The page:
For turtle hatchlings struggling to reach the sea, success may depend on having flexible wrists that allow them to move without disturbing too much sand. A similar wrist also helps a robot known as “FlipperBot” move through a test bed, demonstrating how animals and bio-inspired robots can together provide new information on the principles governing locomotion on granular surfaces.

Both the baby turtles and FlipperBot run into trouble under the same conditions: traversing granular media disturbed by previous steps. Information from the robot research helped scientists understand why some of the hatchlings they studied experienced trouble, creating a unique feedback loop from animal to robot – and back to animal.

The scientists – Daniel Goldman and Nicole Mazouchova of the Georgia Institute of Technology – came from separate disciplines: Physics and Biology. Their findings were published this week in the journal Bioinspiration & Biomimetics.

The research could help robot designers better understand locomotion on complex surfaces and lead biologists to a clearer picture of how sea turtles and other animals like mudskippers use their flippers. The research could also help explain how animals evolved limbs – including flippers – for walking on land.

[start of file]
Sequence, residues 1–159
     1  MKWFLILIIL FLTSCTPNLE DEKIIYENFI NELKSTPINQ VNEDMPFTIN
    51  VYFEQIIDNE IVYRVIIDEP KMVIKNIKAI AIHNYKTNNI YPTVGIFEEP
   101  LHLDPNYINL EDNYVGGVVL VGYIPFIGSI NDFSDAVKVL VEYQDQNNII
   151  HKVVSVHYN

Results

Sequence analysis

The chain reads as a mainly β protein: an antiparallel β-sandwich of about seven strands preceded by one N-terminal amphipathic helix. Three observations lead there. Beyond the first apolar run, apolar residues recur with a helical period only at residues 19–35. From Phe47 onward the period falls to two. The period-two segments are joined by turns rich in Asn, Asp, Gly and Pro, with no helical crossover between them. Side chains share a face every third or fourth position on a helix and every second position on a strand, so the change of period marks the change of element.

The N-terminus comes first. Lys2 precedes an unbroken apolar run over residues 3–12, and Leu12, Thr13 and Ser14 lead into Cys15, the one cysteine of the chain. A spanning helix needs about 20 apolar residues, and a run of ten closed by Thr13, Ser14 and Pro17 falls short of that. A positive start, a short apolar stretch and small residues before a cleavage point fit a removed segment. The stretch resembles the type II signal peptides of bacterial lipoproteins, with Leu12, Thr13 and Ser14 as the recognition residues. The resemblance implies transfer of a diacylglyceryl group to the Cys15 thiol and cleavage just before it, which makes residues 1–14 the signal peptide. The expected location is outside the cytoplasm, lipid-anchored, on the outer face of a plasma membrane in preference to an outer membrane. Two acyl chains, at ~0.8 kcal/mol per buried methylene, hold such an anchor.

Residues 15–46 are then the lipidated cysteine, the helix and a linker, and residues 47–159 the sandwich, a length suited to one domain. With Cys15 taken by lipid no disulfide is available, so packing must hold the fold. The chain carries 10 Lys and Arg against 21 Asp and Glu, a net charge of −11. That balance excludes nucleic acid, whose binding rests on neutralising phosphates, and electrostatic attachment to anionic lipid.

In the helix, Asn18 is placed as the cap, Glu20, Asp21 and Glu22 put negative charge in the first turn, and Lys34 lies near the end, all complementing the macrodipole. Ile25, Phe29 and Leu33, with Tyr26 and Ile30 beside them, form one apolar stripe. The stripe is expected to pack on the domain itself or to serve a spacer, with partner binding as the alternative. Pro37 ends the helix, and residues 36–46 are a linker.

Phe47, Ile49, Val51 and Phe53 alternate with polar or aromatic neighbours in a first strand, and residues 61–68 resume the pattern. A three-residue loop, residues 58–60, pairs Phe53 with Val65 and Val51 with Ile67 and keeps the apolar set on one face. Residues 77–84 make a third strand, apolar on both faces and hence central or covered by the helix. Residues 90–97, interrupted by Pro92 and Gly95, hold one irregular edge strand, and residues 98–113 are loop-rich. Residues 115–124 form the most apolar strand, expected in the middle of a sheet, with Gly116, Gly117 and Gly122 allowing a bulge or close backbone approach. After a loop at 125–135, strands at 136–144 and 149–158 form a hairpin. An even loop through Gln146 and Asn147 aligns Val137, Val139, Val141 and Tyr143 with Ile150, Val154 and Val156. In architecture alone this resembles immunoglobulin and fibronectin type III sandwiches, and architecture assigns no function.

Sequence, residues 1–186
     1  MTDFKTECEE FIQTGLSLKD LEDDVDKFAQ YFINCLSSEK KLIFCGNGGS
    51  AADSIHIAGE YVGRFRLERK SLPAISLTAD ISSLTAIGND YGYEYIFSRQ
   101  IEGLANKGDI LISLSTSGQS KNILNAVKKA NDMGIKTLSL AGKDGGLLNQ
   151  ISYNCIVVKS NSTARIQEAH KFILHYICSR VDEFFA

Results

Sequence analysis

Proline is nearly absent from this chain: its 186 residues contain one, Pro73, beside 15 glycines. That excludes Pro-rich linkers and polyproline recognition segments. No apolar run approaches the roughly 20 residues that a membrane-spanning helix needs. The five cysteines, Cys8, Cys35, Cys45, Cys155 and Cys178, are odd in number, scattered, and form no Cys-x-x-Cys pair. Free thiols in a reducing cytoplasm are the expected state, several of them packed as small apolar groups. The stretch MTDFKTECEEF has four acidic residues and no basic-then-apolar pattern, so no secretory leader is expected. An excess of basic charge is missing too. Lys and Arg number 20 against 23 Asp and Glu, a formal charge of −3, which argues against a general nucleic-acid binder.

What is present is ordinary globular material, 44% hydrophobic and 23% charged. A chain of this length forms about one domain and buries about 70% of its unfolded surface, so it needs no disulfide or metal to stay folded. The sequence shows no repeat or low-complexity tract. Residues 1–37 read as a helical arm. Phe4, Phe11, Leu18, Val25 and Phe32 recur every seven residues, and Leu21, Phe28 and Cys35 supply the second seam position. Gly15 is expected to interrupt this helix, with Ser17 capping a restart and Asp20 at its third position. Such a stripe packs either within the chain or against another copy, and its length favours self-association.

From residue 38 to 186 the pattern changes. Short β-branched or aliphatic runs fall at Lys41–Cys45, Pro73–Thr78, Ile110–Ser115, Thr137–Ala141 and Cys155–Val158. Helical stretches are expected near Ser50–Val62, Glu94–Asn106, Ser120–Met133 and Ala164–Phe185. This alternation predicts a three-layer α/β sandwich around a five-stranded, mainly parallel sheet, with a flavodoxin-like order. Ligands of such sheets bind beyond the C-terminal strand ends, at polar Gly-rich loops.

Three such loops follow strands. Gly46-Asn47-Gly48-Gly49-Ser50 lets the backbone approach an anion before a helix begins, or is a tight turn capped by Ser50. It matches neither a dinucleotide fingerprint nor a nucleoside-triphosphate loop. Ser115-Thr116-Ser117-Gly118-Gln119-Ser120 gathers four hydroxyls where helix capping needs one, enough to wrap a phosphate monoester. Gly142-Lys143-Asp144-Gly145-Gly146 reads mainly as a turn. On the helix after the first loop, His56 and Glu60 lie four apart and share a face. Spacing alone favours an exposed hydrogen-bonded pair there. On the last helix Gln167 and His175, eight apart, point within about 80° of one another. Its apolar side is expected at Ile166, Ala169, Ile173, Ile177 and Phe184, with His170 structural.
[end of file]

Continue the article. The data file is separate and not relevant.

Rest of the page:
“We wanted to make a systematic study of what makes flippers useful or effective. We’ve learned that the flow of the materials plays a large role in the strategy that can be used by either animals or robots.”

The research began in 2010 with a six-week study of hatchling loggerhead sea turtles emerging at night from nests on Jekyll Island, one of Georgia’s coastal islands.

Mazouchova and Goldman studied data from the 25 hatchlings, and were surprised to learn that they managed to maintain their speed regardless of the surface on which they were running.

“On soft sand, the animals move their limbs in such a way that they don’t create a yielding of the material on which they’re walking,” said Goldman. “That means the material doesn’t flow around the limbs and they don’t slip. The surprising thing to us was that the turtles had comparable performance when they were running on hard ground or soft sand.”

The key to maintaining performance seemed to be the ability of the hatchlings to control their wrists, allowing them to change how they used their flippers under different sand conditions.

Further reading:
Georgia Institute of Technology
Flipper-driven terrestrial locomotion of a sea turtle-inspired robot. Nicole Mazouchova et al 2013 Bioinspir. Biomim. 8 026007